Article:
‘Allowing fracking is a Pandora’s Box’
That was the advice offered to Yukoners from the chief of the Fort Nelson First Nation as the territory continues its debate about hydraulic fracturing.
Chief Sharleen Gale and Lana Lowe, the director of the B.C. First Nation’s department of lands and resources, presented before the legislature’s Select Committee Regarding the Risks and Benefits of Hydraulic Fracturing on Saturday afternoon.
Of the eight presentations the committee heard Friday and Saturday, the Fort Nelson First Nation was the only one to receive applause from the public gallery – which earned the onlookers an admonishment from the chair of the committee. Decorum dictates that the public gallery is to remain silent.
Chief Gale noted more than once throughout the presentation that the First Nation still hasn’t said “yes” to natural gas development in its territory, even as it is currently underway.
The First Nation is trying to work with the B.C. government to ensure the community has a central role in resource and land management in its territory, but it appears a constant battle.
Lowe highlighted several of the community’s main concerns, which include impacts on air quality, water, wildlife, and vegetation.
She shared the sad tale of a black bear that was recently run-over and killed in its den by a mulcher clearing a seismic line.
The First Nation, she noted, has a strong relationship with the company, which has agreed to take measures, including using infrared lights, to ensure nothing like that happens again.
But Fort Nelson wants the B.C. government to step up as well.
The community has more than a handful of concerns about the B.C. government’s approach to regulating the oil and gas industry.
Lowe said the government’s response when the First Nation raised concerns about rare and medicinal plants that were located in an area where a gas plant was planned, was to get the company to move the plants. The community found the decision unacceptable.
The First Nation is also disappointed that B.C. doesn’t have a policy in place to limit the number of gas processing plants allowed in the region, nor a plan for the trees that are coming down as industry adapts the landscape for its own use.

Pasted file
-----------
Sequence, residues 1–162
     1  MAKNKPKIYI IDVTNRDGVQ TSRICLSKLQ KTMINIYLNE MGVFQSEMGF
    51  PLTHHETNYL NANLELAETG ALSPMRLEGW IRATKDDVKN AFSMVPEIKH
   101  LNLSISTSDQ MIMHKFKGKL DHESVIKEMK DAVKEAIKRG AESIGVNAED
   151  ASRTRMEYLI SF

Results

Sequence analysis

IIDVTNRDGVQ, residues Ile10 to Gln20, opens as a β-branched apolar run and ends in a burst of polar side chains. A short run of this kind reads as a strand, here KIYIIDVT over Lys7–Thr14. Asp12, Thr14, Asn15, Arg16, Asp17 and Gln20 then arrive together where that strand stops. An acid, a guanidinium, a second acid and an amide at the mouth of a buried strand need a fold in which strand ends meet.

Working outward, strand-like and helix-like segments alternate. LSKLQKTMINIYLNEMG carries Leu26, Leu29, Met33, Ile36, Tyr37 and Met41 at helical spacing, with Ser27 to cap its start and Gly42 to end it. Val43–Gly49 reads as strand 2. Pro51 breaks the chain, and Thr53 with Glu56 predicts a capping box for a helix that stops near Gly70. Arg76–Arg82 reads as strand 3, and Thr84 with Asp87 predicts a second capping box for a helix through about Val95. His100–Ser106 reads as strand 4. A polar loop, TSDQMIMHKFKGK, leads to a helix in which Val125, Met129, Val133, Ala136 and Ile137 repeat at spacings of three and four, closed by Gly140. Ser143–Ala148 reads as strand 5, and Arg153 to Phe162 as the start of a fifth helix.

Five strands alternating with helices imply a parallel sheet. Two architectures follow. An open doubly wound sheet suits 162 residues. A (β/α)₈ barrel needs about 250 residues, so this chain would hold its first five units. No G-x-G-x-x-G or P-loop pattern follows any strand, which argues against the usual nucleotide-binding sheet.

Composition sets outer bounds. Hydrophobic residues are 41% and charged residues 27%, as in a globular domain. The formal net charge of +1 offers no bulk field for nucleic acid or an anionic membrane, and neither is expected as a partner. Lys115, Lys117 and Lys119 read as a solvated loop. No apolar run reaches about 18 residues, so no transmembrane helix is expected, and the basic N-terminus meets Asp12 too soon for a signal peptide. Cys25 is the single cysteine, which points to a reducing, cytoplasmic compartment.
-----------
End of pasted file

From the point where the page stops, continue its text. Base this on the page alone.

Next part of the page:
Lowe noted that they are working with Gilles Wendling, a hydrologist who presented to the select committee Friday morning, to develop a better understanding of the impacts on water and how best to manage them.
As a result of those efforts, the community is pressuring the government not to issue water licences on shallow water bodies, she noted.
The B.C. government’s regulatory system is ineffective and only manages the industry on an incremental basis, Lowe said, noting there’s little to no attention paid to cumulative effects.
The increased development in the area has had real impacts on the First Nation’s citizens ability to lead a traditional lifestyle as well, Gale noted.
There’s less access to wildlife, people can no longer drink from rivers and streams, and they’ve noticed reduced stream flow along some traditional transportation routes, which has impacted travel by boat, she said.
The two First Nation’s representatives said the B.C. government has not respected their rights as First Nations and has not adequately consulted them nor included them in the regulatory process, and they fear it will only get worse in their territory.
They expect 3,000 more wells could be drilled over the next 30 years.
The best way to manage the impacts is to work with government, they said, but ultimately their presentation concluded with a sombre warning.
“Allowing fracking is a Pandora’s Box which will have severe and far-reaching consequences.”
Notes from all eight presentations are available on the committee’s website at http://www.legassembly.gov.yk.ca/rbhf.